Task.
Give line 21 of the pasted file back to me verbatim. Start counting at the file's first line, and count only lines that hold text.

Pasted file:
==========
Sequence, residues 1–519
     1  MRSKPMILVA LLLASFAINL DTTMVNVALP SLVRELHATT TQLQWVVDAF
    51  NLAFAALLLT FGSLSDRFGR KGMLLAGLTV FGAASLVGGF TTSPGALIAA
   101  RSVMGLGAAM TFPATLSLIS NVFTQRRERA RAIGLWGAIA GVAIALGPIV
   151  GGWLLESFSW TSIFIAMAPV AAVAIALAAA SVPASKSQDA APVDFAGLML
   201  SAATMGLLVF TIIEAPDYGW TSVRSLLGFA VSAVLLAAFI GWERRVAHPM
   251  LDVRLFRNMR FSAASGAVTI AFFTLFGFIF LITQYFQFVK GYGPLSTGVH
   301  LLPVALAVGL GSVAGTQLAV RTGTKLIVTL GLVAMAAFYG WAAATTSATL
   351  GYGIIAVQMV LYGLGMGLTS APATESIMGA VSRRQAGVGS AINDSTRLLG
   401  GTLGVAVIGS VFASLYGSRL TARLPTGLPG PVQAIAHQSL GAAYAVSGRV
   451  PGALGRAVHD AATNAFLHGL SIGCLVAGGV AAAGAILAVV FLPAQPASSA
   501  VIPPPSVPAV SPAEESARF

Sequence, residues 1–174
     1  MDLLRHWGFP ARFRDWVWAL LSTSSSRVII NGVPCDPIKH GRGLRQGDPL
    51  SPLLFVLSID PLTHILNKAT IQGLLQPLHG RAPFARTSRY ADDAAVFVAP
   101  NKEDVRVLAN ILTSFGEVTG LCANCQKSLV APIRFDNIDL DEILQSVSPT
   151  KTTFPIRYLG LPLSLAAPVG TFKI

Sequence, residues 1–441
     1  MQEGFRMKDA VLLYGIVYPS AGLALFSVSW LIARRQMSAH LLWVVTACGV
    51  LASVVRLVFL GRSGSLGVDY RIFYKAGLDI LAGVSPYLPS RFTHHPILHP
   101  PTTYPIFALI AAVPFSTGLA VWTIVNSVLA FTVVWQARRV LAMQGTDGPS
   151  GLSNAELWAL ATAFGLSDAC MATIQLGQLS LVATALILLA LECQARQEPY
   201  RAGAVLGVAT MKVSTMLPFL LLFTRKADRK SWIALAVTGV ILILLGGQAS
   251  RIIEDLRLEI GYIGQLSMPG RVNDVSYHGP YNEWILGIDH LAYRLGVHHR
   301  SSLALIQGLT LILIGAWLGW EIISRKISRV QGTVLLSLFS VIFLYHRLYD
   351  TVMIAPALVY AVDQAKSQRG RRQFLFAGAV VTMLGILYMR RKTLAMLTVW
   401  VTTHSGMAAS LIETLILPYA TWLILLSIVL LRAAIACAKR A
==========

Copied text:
   101  PTTYPIFALI AAVPFSTGLA VWTIVNSVLA FTVVWQARRV LAMQGTDGPS